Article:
Keeping It Real
I wanted to congratulate you on your August issue. In most trade journals, I rarely find articles that are interesting, let alone useful. And the level of self-centric articles (where the author spends more time gloating than informing) approaches 100 percent. In this month’s issue the article on dbase searches by Mr. Brown ["Searching for Effective CRM: CRM and E-Commerce Work Together to Achieve a Common Goal," page 40] was excellent. And two other articles were very good. Thanks for an excellent issue.
Kevin Brink, President
Computer Project Groups Inc.
RIGHT ON!! Your column hits the nail right on the head. I’ve been in the computer business for 21 or 22 years, ever since I started doing CICS/DL/1 programming. I’ve done some PC work over the years, but I’m kind of behind the times now due to illness.
However, I know enough about what’s happening in the marketplace now to know that your comments are right on the money. We’re rushing new technologies into service without proper testing and without the proper infrastructure in place. I applaud your comments, especially coming from someone in your high profile position.
Your point on "information without action just becomes useless noise" is well taken. Another good analogy I read recently is that there are now more stock mutual funds to pick from then there are companies that issue stock for purchase.
It appears to be a rather recent phobia that the best way to make money is not necessarily to work for it, but to create a process or method and have others buy it – something for nothing. Many of us – you and I included – work in a service environment wherein we do not make something, but I would like to believe that we add value to something. For an economy to work, there must be value. E-commerce has vast potential, but is also very susceptible to something for nothing. You, as Editor in Chief of ESJ, have an opportunity to help guide and nurture e-commerce to be an added value process. I applaud your efforts.
What an excellent column in the August issue! This type of analysis belongs in the WSJ (The Wall Street Journal), not just ESJ.
Eric L. Vaughan
IntelliWare Systems Inc.
I just wanted to say that I enjoyed your "information without action" editorial. It brought up some great points regarding e-commerce, as well as good old fashioned brick and mortar shops. I don’t see either displacing the other because of cost (i.e., sales tax v. shipping and handling v. economies of scale). If anything, SERVICE will be the proverbial nail in the coffin for either.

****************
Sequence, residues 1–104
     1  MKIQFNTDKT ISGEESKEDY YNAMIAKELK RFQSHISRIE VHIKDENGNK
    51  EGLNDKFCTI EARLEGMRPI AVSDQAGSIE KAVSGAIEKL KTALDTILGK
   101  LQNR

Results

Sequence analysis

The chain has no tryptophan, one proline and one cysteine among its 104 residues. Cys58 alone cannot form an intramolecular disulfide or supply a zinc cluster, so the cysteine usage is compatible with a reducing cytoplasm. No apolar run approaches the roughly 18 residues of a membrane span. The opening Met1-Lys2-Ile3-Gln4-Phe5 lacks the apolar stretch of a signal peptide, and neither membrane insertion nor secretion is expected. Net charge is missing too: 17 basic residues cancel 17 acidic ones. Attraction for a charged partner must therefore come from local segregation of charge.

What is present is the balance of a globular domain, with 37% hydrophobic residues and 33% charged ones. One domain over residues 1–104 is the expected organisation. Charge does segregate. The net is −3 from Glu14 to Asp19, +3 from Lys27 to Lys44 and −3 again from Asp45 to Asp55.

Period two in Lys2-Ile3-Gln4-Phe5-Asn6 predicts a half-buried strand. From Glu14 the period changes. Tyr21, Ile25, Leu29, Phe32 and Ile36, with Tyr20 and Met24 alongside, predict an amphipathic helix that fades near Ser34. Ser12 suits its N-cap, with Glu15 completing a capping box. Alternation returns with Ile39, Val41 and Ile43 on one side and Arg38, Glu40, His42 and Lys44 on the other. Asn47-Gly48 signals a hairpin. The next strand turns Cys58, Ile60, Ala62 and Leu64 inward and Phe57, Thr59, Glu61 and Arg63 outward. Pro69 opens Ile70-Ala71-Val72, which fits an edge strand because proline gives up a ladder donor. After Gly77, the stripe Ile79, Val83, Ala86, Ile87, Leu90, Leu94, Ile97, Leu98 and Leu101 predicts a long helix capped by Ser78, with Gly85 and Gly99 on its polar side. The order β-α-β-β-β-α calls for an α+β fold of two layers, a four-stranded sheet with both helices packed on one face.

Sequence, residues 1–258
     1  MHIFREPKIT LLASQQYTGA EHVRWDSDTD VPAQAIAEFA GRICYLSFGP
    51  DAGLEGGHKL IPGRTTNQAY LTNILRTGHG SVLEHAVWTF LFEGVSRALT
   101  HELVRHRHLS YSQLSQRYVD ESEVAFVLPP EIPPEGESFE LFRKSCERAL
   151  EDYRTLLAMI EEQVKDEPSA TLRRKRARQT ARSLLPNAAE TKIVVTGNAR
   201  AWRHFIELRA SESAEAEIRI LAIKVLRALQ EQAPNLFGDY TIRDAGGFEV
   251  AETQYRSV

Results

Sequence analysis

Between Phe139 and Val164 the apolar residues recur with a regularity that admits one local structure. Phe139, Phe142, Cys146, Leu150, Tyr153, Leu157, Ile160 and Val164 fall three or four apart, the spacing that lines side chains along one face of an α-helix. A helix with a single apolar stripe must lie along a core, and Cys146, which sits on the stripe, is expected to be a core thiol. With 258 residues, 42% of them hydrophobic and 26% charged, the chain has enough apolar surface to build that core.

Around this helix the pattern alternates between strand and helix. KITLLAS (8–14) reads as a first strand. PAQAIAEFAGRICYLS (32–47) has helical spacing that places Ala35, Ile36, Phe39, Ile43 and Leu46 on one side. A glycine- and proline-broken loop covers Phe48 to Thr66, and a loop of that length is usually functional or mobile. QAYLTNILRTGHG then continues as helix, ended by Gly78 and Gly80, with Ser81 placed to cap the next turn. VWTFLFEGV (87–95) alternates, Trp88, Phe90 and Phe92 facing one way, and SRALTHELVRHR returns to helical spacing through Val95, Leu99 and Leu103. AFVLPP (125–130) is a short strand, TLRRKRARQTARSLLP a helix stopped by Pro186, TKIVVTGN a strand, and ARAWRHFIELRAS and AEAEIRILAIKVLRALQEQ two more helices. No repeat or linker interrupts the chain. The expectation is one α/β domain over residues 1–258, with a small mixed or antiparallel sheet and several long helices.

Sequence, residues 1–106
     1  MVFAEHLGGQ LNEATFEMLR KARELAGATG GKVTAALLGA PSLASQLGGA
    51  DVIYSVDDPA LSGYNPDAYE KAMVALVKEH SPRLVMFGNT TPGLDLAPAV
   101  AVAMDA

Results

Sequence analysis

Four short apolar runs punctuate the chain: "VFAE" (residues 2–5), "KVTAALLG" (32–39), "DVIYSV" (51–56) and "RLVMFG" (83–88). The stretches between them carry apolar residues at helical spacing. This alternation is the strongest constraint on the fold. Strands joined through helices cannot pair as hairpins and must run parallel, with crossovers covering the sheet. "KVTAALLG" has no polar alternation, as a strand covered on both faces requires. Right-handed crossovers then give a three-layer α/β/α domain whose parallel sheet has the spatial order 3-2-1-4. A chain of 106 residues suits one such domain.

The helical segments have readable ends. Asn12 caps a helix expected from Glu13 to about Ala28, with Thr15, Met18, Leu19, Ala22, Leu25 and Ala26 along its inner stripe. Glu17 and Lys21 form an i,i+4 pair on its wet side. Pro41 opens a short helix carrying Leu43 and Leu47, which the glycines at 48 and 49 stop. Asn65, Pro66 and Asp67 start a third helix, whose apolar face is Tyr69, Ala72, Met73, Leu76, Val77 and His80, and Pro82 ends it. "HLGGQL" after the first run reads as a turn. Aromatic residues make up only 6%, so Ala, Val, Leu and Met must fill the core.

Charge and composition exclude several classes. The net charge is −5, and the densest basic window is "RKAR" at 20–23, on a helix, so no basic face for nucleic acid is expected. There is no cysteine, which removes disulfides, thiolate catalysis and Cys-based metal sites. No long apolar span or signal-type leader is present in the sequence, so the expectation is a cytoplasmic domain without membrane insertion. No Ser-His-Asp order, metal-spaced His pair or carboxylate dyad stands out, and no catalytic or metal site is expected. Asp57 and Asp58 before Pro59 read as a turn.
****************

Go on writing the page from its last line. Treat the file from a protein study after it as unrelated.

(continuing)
Anyway, I just wanted to say it was a great editorial…
Your editorial in the August 2000 ESJ was right on target. I think we’ve all experienced such mismanagement at the customer level in the past, but it’s now becoming e-mismanagement. This "advance" is even more frustrating, because it’s yet one more link away from the human chain.
Anyway, with a cold philosophizing beer in hand, we’ll just have to give the new technology some time to catch up to its full promise. We have no other choice, do we?
John C. Berry
A Six Pack of Insight
I liked your August editorial ["Revisiting Walden? No Thanks," page 6]. Users of computer equipment expect computers to "error-check" their work and understand what they meant to input.
I am writing as a dedicated Pabst drinker for years. Everyone knew what beer I drank. Two to three years ago, I read a news article about the Pabst Brewing Company. It said they were losing money and, as a cost-saving measure, they were going to reduce the retirement benefits of workers who had already retired. I wrote them a letter to ask why, and I received no response (they had no Web site at that time). I did not agree with this policy and stopped drinking their beer.
Keep up the easy-to-read editorials.
Great editorial, but a Pabst man?
Hey, it’s a blue ribbon beer!